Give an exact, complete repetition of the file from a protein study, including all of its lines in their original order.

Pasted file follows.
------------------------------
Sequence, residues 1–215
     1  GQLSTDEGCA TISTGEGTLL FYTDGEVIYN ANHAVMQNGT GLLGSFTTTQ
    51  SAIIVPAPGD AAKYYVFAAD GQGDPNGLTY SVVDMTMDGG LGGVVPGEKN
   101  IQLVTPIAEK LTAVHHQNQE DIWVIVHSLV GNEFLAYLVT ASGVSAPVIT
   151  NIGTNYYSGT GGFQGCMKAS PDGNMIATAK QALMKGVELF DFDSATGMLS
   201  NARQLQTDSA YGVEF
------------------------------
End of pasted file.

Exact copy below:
Sequence, residues 1–215
     1  GQLSTDEGCA TISTGEGTLL FYTDGEVIYN ANHAVMQNGT GLLGSFTTTQ
    51  SAIIVPAPGD AAKYYVFAAD GQGDPNGLTY SVVDMTMDGG LGGVVPGEKN
   101  IQLVTPIAEK LTAVHHQNQE DIWVIVHSLV GNEFLAYLVT ASGVSAPVIT
   151  NIGTNYYSGT GGFQGCMKAS PDGNMIATAK QALMKGVELF DFDSATGMLS
   201  NARQLQTDSA YGVEF